Kentucky Derby Recipes
  • 1 lb. smoked cheddar
  • 1.5 oz. Four Roses® Bourbon
  • 2 oz. pickled jalapeno plus juice
  • 1 teaspoon salt
  • 3 oz. Bourbon Barrel Stout Beer
  • 2 oz. Kentucky Whiskey
  • 1 oz. water
  • 1 tsp. sugar
  • 4 sprigs fresh mint
Preparation: Muddle three springs of mint, sugar, and water in the bottom of a julep cup or highball glass. Fill glass with crushed ice. Add Kentucky Whiskey and stir. Dust fourth mint spring with powdered sugar for garnish.
  • 4 mint sprigs
  • 2 cups cold water
  • 1 1/2 quarts Ale-8-One (6 pack of Ale-8-One)
  • 1 1/2 cups sugar
  • 3/4 cups fresh lemon juice
  • Thin lemon slices
Preparation: Rinse mint and discard stems. Place sugar, water and lemon juice in medium sized bowl. Mix and stir in mint leaves. Allow to stand for 30 minutes. Fill a large pitcher with ice and stir liquid over ice. Add Ale-8-One and lemon slices. Pour into tall glasses. Serves 10.

“Ale-8-One” (pronounced A Late One) is a traditional Kentucky soft drink, tasting of ginger and delicious secret flavorings. At the time of its creation in 1926, it was the latest in soda. Ale-8-One is easy to find in some areas, but if it is unavailable, feel free to use ginger ale as a substitute.
  • 2 cups barbecue sauce
  • 1 1/2 cups bourbon
  • 1 cup honey
  • 1 cup prepared mustard
  • 1/8 teaspoon Worcestershire sauce
  • 1 (32-ounce) package frozen cooked italian-style meatballs, thawed
Preparation: Cook first 5 ingredients in a Dutch oven over medium heat 5 minutes. Add meatballs; bring to a boil. Reduce heat, and simmer 25 minutes. This is an easy hors d'oeuvre, serve with toothpicks. Feel free to dip in Bourbon Beer Cheese!
  • 1 oz. vodka
  • 1 oz. sweet and sour mix
  • 3 oz. cranberry juice
  • Splash of Triple Sec
Preparation: Once the ingredients are mixed, place the Oaks Lily in a tall glass with crushed ice, add a straw and garnish with an orange wedge and cherry.

The Grey Goose Oaks Lily is the official drink of the Kentucky Oaks race. The Oaks is a celebration of the ladies; three-year-old fillies run in the Oaks each year, and ovarian and breast cancer survivors dress in pink and parade down the track. The winner of the Kentucky Oaks race is presented with a lily garland, which inspired the nickname "Lilies for the Fillies."
  • 1/2 cup (1 stick) butter
  • 2/3 cup all-purpose flour
  • 2 cups milk
  • 1 egg, beaten
  • 2 tbsp. ceavy cream
  • 8 Slices whole-wheat or white Bread (toasted and crusts removed)
  • 2/3 cup Pecorino romano cheese
  • 1 lb. (1/8 in. thick slices) turkey
  • 16 strips fully cooked bacon
Preparation: In a medium sauce pan, melt the butter over medium heat and add the flour, stirring with a wooden spoon until the flour is absorbed. Slowly, pour in the milk and stir to incorporate. Stir in the chees and the egg (to thicken). Add the cream; set aside. Preheat the broiler. Place the toasted bread slices onto a large non-stick baking sheet. Evenly divide the turkey among the bread slices. Pour the cheese sauce over the turkey and top with a sprinkling of more Pecorino Romano. Place under the broiler about 6 minutes or until the sauce is thickened and bubbly. To serve, cross 2 strips of the bacon over the top of each sandwich and serve. (Yield: 8 open-faced sandwiches)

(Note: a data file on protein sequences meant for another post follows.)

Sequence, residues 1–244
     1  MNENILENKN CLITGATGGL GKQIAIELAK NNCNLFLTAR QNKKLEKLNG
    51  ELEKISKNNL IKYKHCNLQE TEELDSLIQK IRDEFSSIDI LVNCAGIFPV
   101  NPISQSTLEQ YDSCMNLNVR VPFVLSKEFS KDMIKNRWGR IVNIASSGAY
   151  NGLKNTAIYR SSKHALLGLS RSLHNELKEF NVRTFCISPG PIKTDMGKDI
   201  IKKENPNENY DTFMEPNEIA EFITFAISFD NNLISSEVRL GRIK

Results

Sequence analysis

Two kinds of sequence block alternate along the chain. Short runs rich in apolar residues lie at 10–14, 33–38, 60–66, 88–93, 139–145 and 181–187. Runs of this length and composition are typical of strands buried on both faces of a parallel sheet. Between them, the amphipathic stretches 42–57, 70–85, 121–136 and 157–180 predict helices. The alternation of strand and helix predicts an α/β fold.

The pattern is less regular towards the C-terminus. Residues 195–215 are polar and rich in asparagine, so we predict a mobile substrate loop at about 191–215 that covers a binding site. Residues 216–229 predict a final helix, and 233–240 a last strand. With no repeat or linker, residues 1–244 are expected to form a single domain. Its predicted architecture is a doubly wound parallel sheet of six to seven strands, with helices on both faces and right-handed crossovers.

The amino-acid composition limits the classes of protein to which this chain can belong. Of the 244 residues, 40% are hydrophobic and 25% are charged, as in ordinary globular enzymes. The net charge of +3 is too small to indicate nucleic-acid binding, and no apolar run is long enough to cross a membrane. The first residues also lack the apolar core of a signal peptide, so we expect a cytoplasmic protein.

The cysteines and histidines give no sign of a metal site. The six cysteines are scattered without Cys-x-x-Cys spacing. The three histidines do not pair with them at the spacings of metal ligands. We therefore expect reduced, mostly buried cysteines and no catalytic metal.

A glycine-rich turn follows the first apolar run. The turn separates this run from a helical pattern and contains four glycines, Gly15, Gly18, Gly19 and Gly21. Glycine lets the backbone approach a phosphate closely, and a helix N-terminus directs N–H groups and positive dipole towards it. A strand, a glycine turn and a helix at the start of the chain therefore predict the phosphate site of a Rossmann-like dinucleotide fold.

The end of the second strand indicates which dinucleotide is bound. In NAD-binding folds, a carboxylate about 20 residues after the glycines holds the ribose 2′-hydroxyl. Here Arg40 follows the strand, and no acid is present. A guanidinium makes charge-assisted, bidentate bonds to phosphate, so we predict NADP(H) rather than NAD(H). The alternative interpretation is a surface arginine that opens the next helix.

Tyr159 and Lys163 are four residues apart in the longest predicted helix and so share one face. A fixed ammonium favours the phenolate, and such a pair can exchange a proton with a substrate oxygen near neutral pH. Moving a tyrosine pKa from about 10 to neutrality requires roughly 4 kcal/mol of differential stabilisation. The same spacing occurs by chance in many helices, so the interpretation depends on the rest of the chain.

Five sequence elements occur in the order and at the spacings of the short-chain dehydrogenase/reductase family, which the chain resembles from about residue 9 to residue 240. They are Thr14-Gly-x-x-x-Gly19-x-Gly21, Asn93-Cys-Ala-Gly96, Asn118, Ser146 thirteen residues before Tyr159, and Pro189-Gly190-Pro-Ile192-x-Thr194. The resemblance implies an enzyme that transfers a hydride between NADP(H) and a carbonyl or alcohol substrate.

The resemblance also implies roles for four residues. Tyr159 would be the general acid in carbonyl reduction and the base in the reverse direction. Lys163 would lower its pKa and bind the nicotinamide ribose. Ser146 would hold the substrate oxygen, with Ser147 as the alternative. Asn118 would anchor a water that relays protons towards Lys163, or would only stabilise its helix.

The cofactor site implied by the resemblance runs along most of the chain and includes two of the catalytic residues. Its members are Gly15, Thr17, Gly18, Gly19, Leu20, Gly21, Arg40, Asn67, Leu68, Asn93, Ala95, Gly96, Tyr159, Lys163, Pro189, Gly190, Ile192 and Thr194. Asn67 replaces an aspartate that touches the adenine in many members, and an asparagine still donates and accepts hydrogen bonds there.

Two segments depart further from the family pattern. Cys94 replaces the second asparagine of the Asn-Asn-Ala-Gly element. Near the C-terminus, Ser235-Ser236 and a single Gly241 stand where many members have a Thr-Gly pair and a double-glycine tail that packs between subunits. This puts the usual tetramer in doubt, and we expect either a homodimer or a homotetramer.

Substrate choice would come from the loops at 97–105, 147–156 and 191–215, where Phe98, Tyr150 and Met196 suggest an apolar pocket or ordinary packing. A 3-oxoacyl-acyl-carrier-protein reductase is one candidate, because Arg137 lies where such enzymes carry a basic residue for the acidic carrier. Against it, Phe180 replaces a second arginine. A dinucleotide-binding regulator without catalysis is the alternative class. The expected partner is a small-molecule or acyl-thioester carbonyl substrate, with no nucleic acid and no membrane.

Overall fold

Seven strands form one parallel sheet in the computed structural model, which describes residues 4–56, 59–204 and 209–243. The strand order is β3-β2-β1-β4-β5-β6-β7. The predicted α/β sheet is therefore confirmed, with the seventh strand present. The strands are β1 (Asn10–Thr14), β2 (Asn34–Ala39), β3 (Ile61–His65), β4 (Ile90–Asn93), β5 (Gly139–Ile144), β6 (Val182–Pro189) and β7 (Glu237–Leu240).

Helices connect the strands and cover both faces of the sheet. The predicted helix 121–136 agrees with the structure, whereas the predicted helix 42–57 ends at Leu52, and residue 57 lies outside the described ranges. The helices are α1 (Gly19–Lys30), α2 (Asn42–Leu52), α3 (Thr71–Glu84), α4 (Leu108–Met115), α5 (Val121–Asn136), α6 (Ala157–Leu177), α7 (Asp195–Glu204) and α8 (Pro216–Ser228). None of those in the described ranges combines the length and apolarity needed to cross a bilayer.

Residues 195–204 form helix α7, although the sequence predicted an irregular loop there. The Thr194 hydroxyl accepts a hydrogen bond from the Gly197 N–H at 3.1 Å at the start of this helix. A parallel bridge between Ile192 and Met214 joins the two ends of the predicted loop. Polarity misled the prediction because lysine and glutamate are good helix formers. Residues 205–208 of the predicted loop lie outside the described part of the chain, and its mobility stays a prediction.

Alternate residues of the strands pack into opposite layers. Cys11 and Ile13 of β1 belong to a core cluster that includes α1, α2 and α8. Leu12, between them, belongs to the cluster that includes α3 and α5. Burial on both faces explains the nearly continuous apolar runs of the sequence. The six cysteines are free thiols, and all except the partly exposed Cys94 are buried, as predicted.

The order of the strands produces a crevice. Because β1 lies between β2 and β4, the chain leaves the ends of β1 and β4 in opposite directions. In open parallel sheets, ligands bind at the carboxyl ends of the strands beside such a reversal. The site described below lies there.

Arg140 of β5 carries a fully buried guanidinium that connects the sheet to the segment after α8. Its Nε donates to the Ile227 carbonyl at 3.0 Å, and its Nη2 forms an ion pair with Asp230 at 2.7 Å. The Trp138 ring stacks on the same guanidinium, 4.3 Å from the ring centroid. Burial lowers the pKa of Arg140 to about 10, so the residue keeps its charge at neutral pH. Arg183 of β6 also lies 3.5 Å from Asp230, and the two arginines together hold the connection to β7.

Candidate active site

The Kentucky Hot Brown is named for Louisville’s Brown Hotel, where the dish debuted in the 1920s. Chef Fred Schmidt perfected the tantalizing Hot Brown as an answer to the usual plate of ham and eggs.
  • 1 large cucumber
  • 12 oz. cream cheese, softened
  • 2 tbsp. grated onion
  • 1/4 tsp. salt
  • 1 tbsp. mayonnaise
  • Pinch of cayenne or Tabasco Dash
  • Green food coloring (optional)
Preparation: Pare, grate, and drain cucumber. Combine with remaining ingredients in food processor. Serve as is or as a sandwich or canapé spread. Thin with sour cream to make a dip for vegetables

Benedictine spread came from the culinary genius of Louisville caterer, Jennie Benedict. She fashioned the spread at the turn of the 20th century, and it is still a local favorite.
  • 1 (16-oz.) package powdered sugar
  • 1/3 cup bourbon
  • 1/4 cup butter, softened
  • 50 pecan halves (about 1 1/4 cups)
  • 2 cups (12 oz.) semisweet chocolate morsels
  • 1 tbsp. shortening
Preparation: Stir together first 3 ingredients until blended. Cover and chill 8 hours. Shape mixture into 1-inch balls. Gently press pecan halves into two sides of each ball. Chill 8 hours. Melt chocolate and shortening in a saucepan over medium heat. Remove from heat. Dip bourbon balls in chocolate, and place on wax paper. Chill 1 hour or until hardened. (Yield: 25 balls)
  • 1/2 (15-oz.) package refrigerated pie crusts
  • 1 1/2 cups chopped pecans
  • 1 cup (6 oz.) semisweet chocolate morsels
  • 1 cup dark corn syrup
  • 1/2 cup granulated sugar
  • 1/2 cup firmly packed brown sugar
  • 1/4 cup bourbon or water
  • 4 large eggs
  • 1/4 cup butter or margerine, melted
  • 2 tsp. cornmeal
  • 2 tsp. vanilla extract
  • 1/2 tsp. salt
Preparation: Fit Piecrust into a 9-inch deep-dish pie plate according to package directions; fold edges under, and crimp. Sprinkle pecans and chocolate evenly onto bottom of piecrust; set aside. Combine corn syrup and next 3 ingredients in a large saucepan, and bring to a boil over medium heat. Cook, stirring constantly, 3 minutes. Remove from heat. Whisk together eggs and next 4 ingredients. Gradually whisk about one-fourth hot ixture into egg mixture; add to remaining hot mixture, whisking constantly. Pour filling into prepared piecrust. Bake at 325° for 55 minutes or until set; cool on wire rack.